Discount retailer Wilko has apologized after issuing “reckless” guidance to staff telling them they could go to work even if they test positive for coronavirus.
Following the government’s decision last month to remove the legal requirement for self-isolation in England as part of its plans to “live with covid”, an employment policy memorandum was sent to staff at the homeware chain, which employs to some 16,000 people in more than 400 stores. in the United Kingdom.
The document, released on Monday amid rising Covid-19 infection rates and hospitalizations in England, said: “If you test positive for Covid-19 and feel well you can continue to come to work, if you feel too wrong, you can follow the absence. policies.”
The revelation prompted a quick U-turn from the company, with CEO Jerome Saint-Marc blaming a “miscommunication,” in a statement Monday night.
“When we’re wrong about something, we raise our hands, admit it and work to correct the situation,” Saint-Marc said. “Today’s news has highlighted some miscommunications within our Covid-19 policies, and I wanted to reassure all of our customers and team members.
“Our advice to team members who have symptoms of COVID or test positive is that while they are no longer required by law to self-isolate, they should stay home and avoid contact with others. This will help reduce the chance of spreading Covid-19.”
He added: “As throughout our 92 years on the high street, the safety and well-being of our shoppers and teams is at the heart of our business and we sincerely regret any understandable concerns our communications may have raised.”
An employee cited by mirror, who first reported the document, alleged that a company policy of moving to statutory sick pay (SSP), totaling £96.35 per week, after a set of Covid absences means that staff “He comes to work with the virus, because if it is his second time they will not be paid.”
A Wilko spokesman said the independent: “At a minimum, team members receive SSP if they are absent due to Covid in all circumstances. When company sick pay has been exhausted, we have an exceptional process in our policy to support team members depending on the circumstances.”
They added: “We will continue to care for our team members to the best of our ability.”
Although ministers scrapped the legal obligation to self-isolate on February 24, government guidance in place until April 1 still states that people must isolate for at least five days if they test positive for coronavirus.
While praising Wilko for having “now done the right thing”, the GMB union said the independent that the company’s “initial dictate for workers to come in with Covid could well have set a precedent for other companies looking to take advantage of the government’s relaxed self-isolation rules.”
“There is a huge gap between the letter of the law and the reality of the situation, which is that expecting workers to enter the workplace with covid will only prolong the pandemic and put the health of others at risk,” the representative said. national health union. and the director of security, Daniel Shears.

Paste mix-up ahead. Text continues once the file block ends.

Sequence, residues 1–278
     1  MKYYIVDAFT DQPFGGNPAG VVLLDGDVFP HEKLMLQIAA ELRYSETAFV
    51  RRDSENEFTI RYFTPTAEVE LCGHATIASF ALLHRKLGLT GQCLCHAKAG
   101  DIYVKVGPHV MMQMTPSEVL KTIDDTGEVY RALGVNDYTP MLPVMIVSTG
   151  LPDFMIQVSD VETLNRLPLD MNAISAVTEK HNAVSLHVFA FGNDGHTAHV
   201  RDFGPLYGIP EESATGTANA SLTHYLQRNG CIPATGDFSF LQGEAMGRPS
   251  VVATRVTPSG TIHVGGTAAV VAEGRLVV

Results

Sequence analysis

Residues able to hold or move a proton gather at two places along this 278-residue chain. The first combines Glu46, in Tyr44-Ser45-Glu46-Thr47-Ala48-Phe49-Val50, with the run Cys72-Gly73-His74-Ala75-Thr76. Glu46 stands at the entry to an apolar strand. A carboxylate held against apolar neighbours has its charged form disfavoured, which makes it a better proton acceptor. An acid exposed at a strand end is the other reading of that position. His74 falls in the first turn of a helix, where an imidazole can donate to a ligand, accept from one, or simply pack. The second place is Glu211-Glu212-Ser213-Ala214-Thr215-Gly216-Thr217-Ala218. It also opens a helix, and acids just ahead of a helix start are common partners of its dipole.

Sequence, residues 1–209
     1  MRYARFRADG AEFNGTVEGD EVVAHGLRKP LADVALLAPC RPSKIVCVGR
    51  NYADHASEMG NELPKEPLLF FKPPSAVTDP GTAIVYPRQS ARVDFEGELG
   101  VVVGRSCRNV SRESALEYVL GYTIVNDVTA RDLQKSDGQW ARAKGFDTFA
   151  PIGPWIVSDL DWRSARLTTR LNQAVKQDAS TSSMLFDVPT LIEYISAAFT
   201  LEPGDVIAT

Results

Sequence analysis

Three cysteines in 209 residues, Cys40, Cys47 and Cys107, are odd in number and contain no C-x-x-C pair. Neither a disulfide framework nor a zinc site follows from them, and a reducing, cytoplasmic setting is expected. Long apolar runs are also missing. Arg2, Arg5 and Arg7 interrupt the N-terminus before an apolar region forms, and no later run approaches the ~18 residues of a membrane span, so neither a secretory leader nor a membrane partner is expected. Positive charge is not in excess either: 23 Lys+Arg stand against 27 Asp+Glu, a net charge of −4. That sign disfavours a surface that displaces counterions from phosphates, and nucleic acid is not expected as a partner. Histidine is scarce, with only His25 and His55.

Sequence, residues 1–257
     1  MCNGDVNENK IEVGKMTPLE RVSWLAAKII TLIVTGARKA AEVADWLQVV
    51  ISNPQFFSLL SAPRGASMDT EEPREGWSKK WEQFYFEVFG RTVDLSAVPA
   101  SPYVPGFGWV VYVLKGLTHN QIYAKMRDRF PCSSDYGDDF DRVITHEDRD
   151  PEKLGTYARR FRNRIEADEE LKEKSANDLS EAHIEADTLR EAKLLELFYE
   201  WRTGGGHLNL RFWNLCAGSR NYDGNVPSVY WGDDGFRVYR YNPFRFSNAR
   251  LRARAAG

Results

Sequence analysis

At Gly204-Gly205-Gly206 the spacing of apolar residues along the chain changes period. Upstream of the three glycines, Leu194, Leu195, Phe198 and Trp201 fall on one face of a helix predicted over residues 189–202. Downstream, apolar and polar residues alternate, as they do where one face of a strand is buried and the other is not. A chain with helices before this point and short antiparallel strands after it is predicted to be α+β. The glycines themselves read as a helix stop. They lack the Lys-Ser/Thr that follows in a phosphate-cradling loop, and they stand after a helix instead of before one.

“Any employer that does is behaving with reckless abandon as our daily UK figures show this Omicron wave is not over yet.
“Wilko deserves great credit for publicly acknowledging that they were wrong. We hope that all employers will follow his lead and ultimately that ministers in all governments will re-examine his position on this issue.”
Dr. Simon Clarke, a cell microbiologist at the University of Reading, told the financial times that Wilko’s initial guidance, which he said would have left some colleagues and clients vulnerable to “serious illness and possible hospitalisation”, had “called into question the wisdom of the government in abandoning legally mandated self-isolation”.
Alex Collinson, who works as an analysis and research officer at the Trades Union Congress (TUC), wrote in a personal capacity on Twitter that while Wilko’s U-turn was “good news”, he should not take cover to make the companies don’t do this.
“There will be other employers doing it,” he said. “And there will be a lot of workers in other jobs forced in because they can’t afford to be out.”
The dispute came as TUC General Secretary Frances O’Grady wrote to Business Secretary Kwasi Kwarteng criticizing measures which mean that, from April 1, employers will no longer need to explicitly consider coronavirus in their risk assessments.
“Ministers are sowing dangerous confusion about Covid safety at work,” said Ms O’Grady, whose union has warned workers face a “terrible choice” between working while sick with coronavirus and risking a hit. financial.
“Wherever you work, you have the right to be safe. And your employer has a responsibility to fully assess the risks you face and take appropriate action,” said Ms O’Grady, adding: “The government has sent a mixed message.
“And this can leave workers facing risks that could and should be prevented.”
Since all restrictions were lifted in England at the end of February, infections and hospitalizations have started to rise again, with the Zoe Covid study pointing to almost 246,000 new daily cases in the UK and government data showing there were 10,315. people in the hospital with coronavirus in the week. as of March 10, an increase of 18.4 percent from the previous week.
However, experts have warned that the absence of restrictions has made it harder to properly track the country’s epidemic and understand why.
Additional report by PA